Why do most spouses and partners react to the discovery of sexual addiction with such a sense of total devastation? Sexual betrayal is an emotional blow that can be harder to deal with than anything, even death.
Most therapists who deal with partners of sex addicts now see the partner as experiencing severe trauma and PTSD symptoms, at least in the initial period post-discovery. This suggests a theoretical framework that can help us understand the partner’s recovery process as it proceeds.
The usual tools for dealing with hardship seem to fail us
Our usual arsenal of tools for transcending heartbreak and loss seems to break down in the face of the discovery of sexually addictive behavior in a loved one. For example:
Practicing detachment by reminding ourselves that the betrayal is not about us, and going to support groups and 12-step meetings, letting go of comparing ourselves to the addict’s other sexual interest. But detachment seems to keep slipping through our fingers and we feel a mix of strong emotions.
Educating ourselves about the disease by reading and learning about the roots of sex addiction in the early childhood attachment issues, by learning that sexual addiction is not a deliberate attempt to hurt us. But still feelings of anger and blame seem to hang around forever.
Meditation, prayer or other spiritual practice to help us realize that we did not cause the problem and we cannot cure it, and to let go of outcomes. This will work perfectly for some things; the job we didn’t get, the flooding in the basement, but in sex addiction disclosure there is something so totally unacceptable that we want to tighten our grip.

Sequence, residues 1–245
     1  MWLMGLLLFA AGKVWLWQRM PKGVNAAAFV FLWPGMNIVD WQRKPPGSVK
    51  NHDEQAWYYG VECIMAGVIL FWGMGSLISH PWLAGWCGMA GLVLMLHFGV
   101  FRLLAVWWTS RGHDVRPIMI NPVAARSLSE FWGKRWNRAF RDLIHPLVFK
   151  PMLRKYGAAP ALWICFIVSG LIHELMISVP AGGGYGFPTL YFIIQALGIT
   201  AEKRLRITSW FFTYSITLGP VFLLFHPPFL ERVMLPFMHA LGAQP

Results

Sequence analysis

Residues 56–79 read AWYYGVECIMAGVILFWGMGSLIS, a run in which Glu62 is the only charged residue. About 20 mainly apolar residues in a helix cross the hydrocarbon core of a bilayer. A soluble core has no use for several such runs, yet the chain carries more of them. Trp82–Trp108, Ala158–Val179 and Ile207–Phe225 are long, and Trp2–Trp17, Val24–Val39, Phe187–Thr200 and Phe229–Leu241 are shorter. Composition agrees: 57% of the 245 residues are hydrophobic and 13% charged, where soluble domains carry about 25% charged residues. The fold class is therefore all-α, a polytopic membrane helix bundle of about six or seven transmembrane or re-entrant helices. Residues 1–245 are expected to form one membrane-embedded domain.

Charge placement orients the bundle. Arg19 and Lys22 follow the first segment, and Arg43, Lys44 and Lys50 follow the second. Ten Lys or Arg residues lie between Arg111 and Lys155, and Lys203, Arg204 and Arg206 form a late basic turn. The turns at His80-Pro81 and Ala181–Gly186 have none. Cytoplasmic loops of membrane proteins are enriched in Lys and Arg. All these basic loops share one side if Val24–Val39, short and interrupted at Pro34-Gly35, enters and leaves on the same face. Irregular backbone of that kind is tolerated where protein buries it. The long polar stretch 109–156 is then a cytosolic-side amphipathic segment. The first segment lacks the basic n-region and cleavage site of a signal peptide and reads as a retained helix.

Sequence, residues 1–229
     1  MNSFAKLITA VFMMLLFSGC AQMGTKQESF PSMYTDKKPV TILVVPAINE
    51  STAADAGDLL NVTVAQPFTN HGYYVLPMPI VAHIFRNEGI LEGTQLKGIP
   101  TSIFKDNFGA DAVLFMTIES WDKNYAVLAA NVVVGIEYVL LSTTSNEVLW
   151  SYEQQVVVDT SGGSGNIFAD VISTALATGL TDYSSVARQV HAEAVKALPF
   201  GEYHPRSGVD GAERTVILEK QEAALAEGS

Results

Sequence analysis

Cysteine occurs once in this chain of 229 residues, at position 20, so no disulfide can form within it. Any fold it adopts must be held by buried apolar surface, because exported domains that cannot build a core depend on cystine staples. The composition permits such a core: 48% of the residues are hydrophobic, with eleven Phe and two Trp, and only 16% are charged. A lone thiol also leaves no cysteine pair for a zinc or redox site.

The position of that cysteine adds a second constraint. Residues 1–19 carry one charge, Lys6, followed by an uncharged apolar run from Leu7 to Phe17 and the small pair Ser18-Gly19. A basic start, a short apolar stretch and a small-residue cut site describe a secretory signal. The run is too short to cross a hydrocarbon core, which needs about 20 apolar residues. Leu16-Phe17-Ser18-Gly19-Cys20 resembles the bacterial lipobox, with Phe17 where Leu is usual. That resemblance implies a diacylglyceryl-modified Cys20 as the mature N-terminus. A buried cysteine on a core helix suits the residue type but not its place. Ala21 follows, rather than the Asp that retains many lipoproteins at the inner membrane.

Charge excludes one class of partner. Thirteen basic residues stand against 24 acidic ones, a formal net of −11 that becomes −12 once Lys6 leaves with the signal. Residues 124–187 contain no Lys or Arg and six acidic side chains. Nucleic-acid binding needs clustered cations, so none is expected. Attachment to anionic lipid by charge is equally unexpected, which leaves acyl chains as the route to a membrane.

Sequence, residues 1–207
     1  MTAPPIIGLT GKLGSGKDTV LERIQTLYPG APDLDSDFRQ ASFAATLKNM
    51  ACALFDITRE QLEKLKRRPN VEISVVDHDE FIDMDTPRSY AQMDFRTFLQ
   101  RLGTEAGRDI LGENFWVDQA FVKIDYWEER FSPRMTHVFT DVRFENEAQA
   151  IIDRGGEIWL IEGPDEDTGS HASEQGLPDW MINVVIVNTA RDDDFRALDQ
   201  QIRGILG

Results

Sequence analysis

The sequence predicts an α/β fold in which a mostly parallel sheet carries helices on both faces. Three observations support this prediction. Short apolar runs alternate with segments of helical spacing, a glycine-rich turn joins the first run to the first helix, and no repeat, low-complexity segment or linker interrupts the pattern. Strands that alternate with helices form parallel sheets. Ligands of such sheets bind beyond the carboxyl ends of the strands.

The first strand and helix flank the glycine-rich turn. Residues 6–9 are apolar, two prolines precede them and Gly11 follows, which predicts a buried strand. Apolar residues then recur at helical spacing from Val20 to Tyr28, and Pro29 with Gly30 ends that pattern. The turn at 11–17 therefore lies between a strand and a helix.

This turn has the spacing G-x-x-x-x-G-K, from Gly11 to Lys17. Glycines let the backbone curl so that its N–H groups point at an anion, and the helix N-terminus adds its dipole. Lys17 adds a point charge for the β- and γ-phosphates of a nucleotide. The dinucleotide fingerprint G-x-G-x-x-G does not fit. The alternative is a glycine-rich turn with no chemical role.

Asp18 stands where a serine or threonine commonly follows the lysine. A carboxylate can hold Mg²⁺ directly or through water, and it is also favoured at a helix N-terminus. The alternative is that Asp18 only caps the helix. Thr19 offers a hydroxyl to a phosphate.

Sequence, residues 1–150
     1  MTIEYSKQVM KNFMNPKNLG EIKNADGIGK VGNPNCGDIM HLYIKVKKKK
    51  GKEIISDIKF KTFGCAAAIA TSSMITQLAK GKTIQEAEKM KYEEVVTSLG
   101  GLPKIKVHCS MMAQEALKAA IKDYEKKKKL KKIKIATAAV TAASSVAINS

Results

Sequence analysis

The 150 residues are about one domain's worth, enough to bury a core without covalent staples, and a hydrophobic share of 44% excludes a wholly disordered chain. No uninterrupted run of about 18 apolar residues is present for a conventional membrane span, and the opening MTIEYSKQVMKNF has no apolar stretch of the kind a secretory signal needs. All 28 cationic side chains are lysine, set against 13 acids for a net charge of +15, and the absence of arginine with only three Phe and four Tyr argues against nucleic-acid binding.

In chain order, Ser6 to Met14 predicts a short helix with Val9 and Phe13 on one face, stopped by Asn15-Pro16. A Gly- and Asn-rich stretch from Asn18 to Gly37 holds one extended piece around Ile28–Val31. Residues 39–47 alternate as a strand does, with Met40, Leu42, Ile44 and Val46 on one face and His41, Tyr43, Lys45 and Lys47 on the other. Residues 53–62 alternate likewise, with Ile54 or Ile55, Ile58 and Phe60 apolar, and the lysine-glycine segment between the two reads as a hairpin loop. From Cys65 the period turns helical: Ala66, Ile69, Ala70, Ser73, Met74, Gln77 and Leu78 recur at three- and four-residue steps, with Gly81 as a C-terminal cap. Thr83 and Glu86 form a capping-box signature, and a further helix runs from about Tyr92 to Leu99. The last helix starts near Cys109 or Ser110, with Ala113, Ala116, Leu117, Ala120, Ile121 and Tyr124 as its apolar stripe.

All of the above tools are very important in a partner’s recovery and should be practiced even when their efficacy seems limited. But why is sexual addiction so much harder to deal with?
Some reasons why sexual betrayal is different
Here are some factors that “up the ante” in sexual betrayal.
- The personal closeness you have to the person who has been deceiving you, the person you saw as your support system
- The abandonment by the most important person in your life (death is easier to accept because it is something that can’t be helped)
- The blow to your sense of reality
The last of these, the way sexual betrayal messes with your reality, is one of the most powerful factors. Sexual addiction is often so extreme and so out of character that it calls into question all your assumptions about “normal” life.
Surviving sexual betrayal as a grief process
I tend to think of surviving sexual betrayal as a grief process because I think it is the most useful way to look at it. I believe that seeing it this way will give you permission to take better care of yourself and to make allowances for your own healing.
- Grief is a process that follows its own course. It is also a process that is very different for different people depending on your own personal make up.
- Sexual betrayal is a loss and therefore must be grieved. It is a loss of the relationship that you thought you had and produces the same pain and abandonment as other losses.
- Recovery from sexual betrayal seems to follow the familiar stages of grief.
The initial stage of denial often takes the form of believing the addict’s false promises or trying to set up a quick cure. In other words, the belief that things could be patched up and go back to “normal” is a form of denial.
The bargaining, anger and depression stages of grief are also clearly identifiable. For example, self blame, feeling that you somehow failed, is a form of bargaining. It allows you to hold onto a feeling that you can control the situation.
The grief process is one that must be allowed to occur. Feelings must be experienced and emotions expelled in order to move through the process. There is no way to make it pleasant, but it will eventually lead to acceptance and a new and better relationship life.